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Night Autopsy Room: Seven Tales of Life, Death, and Hope

by M.D. Yoshio Sakabe

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Night Autopsy Room tells a story of Yoshio, a medical student living in Japan just after the World War II. In the autopsy room of the medical college, he meets seven spirits, who want to tell the stories of their lives to him.

The spirits have lived hard lifes, and their stories are stories of hardship and oppression. The first spirit is a woman who was in Hiroshima when the atomic bomb fell, the second is a Korean man who faced discrimination in Japan, the third a Japanese woman driven to suicide by discrimination in America and so on.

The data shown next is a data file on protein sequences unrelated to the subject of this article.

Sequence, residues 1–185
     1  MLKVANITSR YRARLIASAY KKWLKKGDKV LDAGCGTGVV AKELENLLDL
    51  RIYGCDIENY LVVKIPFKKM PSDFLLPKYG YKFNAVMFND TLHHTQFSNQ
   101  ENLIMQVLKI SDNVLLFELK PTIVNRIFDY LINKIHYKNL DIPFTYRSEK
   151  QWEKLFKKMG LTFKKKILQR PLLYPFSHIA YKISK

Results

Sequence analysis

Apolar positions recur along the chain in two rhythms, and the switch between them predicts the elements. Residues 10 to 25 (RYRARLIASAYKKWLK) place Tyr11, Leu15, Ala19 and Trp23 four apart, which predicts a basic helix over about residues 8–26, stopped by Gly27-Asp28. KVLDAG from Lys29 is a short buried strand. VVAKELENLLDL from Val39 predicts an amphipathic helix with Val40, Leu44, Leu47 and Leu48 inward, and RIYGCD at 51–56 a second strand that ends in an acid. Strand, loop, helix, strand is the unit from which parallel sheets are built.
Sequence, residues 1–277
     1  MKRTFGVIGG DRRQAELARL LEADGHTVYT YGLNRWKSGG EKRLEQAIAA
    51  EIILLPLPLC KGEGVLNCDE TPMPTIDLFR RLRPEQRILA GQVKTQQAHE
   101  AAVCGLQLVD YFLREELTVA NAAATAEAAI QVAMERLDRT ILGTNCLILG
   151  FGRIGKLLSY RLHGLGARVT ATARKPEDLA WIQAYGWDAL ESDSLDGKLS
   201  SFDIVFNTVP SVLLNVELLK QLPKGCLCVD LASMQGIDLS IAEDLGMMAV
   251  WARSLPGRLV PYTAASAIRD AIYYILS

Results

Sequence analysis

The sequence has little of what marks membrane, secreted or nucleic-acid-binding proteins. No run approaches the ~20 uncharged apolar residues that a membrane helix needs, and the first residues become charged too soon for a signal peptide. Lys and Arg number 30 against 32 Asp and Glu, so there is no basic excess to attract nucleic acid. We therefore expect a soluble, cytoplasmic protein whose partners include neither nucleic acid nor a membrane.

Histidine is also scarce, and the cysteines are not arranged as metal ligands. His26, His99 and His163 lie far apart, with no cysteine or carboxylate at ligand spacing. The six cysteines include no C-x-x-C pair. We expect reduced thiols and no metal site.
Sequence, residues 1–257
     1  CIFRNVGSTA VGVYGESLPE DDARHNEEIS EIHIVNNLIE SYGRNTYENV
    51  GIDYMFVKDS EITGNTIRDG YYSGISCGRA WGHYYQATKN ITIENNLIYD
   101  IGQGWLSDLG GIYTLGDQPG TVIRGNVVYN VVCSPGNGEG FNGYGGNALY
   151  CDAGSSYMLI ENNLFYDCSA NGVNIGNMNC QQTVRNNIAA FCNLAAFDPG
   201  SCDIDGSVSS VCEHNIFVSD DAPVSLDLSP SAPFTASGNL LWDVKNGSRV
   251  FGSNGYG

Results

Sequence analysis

I made it through the first two stories, then I had to quit - it was too depressing. Not the stories, though, even though they told awful tales of hard life. No, what bugged me was the way the author used the suffering of the people he created to promote religion. If there's something I really hate, it's telling people that suffering in this life is good, because it gives you a better place in Heaven after you die - that's the basic idea of the second story.

I simply can't tolerate that kind of rubbish. The spirits were a rather too excited about Jesus, too, the author seems very certain of his faith. Too bad I don't share it. The stories itself were ok, though the prose was somewhat wooden. Whether that is the author's or the translator's fault, I can't tell, but the way the stories were told was, to be frank, boring: surely these horrid fates could've been told more vividly.

(Review of Night Autopsy Room at Mikko reads) ( )
  msaari | Jul 22, 2008 |
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